A Brief History of
French Guiana was discovered by the Spanish in 1496, who established a few settlements in 1503 and 1504. The French first moved in a century later. Under the 1667 Treaty of Breda, the Dutch, who had also shown an interest in the area, were forced out. Numerous changes in control followed over the next 200 years, alternating between France, Britain, the Netherlands and Portugal, until the territory was finally confirmed as French in 1817. The colony enjoyed a brief period of prosperity in the 1850s when gold was discovered, but afterwards went into a decline from which it has never fully recovered.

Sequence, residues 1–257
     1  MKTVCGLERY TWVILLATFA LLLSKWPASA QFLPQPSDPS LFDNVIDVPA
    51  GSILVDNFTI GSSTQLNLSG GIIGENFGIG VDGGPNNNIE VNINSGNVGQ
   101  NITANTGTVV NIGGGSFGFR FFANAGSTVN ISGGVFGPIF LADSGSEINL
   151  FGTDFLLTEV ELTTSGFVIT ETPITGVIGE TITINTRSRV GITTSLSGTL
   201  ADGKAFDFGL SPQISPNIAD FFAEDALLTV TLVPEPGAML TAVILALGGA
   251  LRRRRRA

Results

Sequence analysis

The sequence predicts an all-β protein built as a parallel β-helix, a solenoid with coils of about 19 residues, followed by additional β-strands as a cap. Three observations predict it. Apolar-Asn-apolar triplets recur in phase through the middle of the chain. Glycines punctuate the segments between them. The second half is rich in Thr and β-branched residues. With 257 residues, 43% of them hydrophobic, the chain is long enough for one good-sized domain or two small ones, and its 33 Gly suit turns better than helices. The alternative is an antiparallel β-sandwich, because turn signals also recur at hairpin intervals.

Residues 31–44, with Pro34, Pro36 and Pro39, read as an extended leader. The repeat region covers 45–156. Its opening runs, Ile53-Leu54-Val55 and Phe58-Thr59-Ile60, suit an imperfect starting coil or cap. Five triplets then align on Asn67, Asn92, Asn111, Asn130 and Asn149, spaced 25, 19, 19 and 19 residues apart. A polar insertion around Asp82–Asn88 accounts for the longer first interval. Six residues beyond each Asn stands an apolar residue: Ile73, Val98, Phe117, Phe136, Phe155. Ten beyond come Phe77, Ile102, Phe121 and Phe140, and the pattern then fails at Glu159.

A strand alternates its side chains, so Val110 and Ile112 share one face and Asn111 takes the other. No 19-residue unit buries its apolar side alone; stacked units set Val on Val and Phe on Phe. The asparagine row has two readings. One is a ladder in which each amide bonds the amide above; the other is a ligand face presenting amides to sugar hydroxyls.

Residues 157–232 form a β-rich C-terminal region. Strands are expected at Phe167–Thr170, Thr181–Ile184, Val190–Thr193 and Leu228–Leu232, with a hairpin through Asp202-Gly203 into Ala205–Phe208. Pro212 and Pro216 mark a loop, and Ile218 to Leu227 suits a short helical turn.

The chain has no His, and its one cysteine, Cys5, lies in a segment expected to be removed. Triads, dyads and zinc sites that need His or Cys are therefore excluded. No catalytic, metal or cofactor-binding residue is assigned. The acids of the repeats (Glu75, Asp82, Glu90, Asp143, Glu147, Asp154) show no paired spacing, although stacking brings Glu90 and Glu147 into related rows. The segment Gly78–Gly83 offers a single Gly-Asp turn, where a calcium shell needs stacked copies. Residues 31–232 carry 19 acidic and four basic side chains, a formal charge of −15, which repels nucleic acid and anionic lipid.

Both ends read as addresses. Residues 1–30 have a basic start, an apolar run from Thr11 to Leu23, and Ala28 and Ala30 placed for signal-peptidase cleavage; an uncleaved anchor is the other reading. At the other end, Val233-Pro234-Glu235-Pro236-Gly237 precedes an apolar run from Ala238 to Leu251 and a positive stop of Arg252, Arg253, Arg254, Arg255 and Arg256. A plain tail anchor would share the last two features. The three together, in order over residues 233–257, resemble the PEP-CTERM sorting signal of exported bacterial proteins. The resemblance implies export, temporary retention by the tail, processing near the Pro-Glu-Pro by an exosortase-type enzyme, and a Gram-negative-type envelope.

French Guiana was finally given French Overseas Department status in 1946, under which the territory effectively became an integral part of the French nation. However, the territory was largely neglected by Paris and continued to deteriorate until civil unrest broke out in the 1970s. After a security crackdown, the central government promised various improvements. These failed to materialise until the Mitterrand presidency, under which a series of reforms was introduced in 1982-83. Some decentralisation also took place: local affairs are now dealt with by the Regional Council.